diy laminated cotton

Make your own laminated fabric with Heat n’ Bond iron-on vinyl

Today I’m talking all things laminated fabric. Laminated fabrics are a nice thing to use whenever you want to build in some wipeability and water resistance into your projects.

And while you can certainly buy yardage of laminated cotton and oilcloth (laminated cotton’s thicker cousin), it’s really simple to make your own laminated fabric.

Plus, when you’re make your own, um, you can do cool things like add glitter!!

I’ll show you the easy process it takes to make laminated fabric, we’ll talk about some sewing projects it’s great for, and we’ll throw some glitter at it, literally!

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Supplies to make your own laminated fabric

  • Heat n’ Bond iron-on vinyl* or Pellon Vinyl-Fuse* (*affiliate links)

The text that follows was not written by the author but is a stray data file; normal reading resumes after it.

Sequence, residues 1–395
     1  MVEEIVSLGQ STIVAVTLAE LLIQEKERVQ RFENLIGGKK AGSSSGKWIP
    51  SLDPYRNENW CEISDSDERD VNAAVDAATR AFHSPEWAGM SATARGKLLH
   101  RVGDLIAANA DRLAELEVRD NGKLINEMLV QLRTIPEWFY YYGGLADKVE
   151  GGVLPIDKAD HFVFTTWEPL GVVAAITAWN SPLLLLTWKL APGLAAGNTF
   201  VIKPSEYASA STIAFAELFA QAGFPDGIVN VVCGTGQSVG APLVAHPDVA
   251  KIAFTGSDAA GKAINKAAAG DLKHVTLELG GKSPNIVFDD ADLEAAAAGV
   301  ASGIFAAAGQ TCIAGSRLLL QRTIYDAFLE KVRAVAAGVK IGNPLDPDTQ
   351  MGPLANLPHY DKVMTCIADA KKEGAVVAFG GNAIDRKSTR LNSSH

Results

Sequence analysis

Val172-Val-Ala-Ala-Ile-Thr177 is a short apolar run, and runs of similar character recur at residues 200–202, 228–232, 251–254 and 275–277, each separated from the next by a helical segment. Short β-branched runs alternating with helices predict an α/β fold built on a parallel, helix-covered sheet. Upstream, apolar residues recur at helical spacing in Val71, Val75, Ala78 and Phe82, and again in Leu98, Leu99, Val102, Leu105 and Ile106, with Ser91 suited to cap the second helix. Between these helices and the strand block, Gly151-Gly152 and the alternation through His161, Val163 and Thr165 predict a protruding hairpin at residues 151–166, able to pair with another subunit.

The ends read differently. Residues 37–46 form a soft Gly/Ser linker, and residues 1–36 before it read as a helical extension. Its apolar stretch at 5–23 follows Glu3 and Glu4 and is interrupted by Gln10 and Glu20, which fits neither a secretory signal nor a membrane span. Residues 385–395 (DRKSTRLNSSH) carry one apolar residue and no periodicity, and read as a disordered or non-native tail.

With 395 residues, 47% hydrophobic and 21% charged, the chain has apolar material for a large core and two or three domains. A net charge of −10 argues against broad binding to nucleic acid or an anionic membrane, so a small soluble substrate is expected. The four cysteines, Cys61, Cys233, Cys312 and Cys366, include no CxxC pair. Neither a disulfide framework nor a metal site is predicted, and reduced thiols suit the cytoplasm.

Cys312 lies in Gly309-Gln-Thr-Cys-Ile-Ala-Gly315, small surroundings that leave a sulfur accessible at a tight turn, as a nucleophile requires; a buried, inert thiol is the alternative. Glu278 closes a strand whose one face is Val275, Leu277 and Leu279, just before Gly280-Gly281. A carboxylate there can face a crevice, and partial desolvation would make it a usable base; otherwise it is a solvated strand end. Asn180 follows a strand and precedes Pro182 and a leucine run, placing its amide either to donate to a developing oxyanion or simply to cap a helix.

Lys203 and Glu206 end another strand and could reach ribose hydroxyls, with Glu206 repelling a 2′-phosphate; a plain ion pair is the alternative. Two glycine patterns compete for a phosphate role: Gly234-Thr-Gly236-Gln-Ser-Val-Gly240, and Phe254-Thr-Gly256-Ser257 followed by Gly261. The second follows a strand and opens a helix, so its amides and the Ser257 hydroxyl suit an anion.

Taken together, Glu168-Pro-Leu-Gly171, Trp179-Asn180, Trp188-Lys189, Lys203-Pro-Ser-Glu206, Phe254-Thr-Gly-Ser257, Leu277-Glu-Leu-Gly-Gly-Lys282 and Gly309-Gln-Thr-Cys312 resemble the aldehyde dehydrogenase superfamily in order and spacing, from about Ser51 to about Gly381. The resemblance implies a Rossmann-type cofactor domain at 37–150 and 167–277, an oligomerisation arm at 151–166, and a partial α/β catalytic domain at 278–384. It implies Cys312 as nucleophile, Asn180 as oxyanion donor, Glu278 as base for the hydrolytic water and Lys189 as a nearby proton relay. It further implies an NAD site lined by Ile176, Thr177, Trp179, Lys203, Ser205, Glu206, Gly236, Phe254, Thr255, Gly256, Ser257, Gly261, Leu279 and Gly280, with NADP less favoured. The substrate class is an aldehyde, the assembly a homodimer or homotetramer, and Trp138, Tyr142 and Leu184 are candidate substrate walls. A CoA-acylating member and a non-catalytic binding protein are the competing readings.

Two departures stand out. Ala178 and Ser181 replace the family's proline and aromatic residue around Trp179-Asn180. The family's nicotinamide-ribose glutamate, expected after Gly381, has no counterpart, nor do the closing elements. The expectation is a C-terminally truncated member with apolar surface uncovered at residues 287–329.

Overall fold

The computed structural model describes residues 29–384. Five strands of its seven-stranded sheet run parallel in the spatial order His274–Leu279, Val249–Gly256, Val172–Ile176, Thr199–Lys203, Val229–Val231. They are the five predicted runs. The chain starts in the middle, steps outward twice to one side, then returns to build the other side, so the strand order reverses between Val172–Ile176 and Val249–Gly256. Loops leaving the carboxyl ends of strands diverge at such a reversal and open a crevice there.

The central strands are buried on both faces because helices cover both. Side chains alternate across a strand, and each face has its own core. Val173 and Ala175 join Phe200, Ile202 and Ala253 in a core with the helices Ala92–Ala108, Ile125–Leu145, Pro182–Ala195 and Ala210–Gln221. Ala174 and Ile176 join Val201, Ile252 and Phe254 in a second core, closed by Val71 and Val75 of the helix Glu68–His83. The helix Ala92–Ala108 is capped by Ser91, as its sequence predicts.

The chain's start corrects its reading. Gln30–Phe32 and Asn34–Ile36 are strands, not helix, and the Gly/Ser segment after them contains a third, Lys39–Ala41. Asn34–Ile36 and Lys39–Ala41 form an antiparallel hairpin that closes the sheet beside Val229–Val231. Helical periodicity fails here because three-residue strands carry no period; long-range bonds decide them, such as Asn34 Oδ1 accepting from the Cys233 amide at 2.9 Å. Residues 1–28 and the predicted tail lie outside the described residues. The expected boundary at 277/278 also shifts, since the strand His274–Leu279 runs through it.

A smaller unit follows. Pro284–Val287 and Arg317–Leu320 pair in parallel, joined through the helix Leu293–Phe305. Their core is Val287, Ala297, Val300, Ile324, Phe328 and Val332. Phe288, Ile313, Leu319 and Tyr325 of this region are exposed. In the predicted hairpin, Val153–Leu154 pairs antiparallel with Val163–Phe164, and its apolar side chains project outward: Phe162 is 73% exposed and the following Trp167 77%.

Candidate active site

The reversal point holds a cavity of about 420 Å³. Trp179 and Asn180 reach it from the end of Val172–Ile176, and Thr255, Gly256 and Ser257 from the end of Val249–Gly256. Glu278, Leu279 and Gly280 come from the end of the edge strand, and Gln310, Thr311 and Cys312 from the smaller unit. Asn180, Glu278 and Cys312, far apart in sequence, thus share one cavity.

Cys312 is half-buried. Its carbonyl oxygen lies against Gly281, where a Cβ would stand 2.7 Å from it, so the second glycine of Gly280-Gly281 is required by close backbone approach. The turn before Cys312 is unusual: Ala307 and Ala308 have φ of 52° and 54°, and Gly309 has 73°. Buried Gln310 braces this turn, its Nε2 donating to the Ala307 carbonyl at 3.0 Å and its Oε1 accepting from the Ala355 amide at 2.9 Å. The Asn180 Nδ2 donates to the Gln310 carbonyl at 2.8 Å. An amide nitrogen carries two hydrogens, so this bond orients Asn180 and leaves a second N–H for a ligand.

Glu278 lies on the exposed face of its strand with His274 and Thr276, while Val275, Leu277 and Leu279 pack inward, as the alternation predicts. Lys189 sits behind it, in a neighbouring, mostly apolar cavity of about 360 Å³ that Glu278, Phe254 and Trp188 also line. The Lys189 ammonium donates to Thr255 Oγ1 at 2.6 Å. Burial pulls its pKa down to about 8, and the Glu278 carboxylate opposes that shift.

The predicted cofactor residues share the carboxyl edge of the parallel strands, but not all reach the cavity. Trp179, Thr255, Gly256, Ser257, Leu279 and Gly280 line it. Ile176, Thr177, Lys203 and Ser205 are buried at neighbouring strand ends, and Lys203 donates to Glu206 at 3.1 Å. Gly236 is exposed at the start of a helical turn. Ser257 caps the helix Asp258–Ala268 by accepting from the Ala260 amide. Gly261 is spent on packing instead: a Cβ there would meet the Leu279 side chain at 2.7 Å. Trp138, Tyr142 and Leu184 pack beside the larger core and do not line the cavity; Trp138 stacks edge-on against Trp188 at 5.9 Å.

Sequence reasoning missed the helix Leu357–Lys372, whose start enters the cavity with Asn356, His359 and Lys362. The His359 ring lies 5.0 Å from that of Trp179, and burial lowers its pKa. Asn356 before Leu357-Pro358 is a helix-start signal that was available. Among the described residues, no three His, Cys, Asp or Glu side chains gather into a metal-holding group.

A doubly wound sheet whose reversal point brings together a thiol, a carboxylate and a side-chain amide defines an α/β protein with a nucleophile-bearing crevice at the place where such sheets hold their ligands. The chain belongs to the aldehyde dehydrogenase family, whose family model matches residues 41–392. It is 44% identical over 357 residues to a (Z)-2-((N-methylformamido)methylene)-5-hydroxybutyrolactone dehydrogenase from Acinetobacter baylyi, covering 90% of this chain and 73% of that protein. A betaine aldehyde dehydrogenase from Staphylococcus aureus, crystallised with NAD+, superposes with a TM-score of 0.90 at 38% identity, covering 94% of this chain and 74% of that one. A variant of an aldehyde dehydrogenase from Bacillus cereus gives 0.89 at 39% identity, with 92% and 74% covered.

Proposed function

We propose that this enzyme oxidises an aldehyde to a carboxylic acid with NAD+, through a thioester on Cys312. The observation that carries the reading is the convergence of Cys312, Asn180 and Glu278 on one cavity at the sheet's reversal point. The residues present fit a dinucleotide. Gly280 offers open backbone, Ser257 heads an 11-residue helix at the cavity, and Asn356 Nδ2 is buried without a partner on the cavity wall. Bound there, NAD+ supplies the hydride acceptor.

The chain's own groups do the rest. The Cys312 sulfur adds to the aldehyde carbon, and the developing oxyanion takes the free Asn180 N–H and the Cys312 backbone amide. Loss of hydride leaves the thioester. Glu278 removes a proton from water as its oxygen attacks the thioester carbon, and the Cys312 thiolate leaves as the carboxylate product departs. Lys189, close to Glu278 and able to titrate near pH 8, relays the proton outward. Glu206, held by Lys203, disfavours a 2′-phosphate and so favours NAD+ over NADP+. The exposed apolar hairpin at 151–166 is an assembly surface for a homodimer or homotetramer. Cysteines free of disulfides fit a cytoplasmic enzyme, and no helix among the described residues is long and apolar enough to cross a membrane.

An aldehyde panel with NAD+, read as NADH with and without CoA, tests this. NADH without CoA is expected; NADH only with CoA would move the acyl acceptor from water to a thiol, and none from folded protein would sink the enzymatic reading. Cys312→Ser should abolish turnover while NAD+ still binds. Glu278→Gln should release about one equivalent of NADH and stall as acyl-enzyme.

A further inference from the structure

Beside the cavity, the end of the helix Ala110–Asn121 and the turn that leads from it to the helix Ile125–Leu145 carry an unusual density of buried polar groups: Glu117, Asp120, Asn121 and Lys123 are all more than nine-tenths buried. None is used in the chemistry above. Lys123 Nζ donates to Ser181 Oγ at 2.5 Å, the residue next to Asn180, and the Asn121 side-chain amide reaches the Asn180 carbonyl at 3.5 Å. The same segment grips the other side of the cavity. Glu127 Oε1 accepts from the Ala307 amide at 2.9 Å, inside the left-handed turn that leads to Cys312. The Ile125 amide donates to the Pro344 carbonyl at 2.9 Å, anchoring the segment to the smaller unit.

• iron
  • pattern weights
  • paper scissors or rotary cutter with an old blade + cutting mat
  • cotton quilting fabric, canvas, or duck cloth
  • freezer paper (optional)
  • glitter (optional)
  • brown kraft paper (optional)

Sewing projects for laminates

Laminated fabrics are great for any kinds of sewing projects where you need some water protection. Or maybe mess prevention.

My dining room chairs are actually reupholstered in some fancy pants Marimekko oilcloth. It’s turned out to be one of the smartest upholstery projects my hubby and I have ever done. 4 kids + dinner + dining chairs =big mess. Ah, but the oilcloth sees that mess and you just wipe it away!

One thing to keep in mind is that iron-on vinyl is pretty narrow. 15″-20″ is pretty common. So, when you want to make laminated fabric, it’s best to stick to smaller projects that don’t need a lot of width. (no super DIY raincoats!! [insert sad face here]) Stuff like:

  • bathroom bags
  • wipeable bibs
  • reusable snack bags
  • pool tote bags
  • DIY makeup brush roll
  • wipeable placemats
  • Aprons (this would be sooooo great for block printing!)
  • dry bags

Getting your fabric ready for making laminated fabric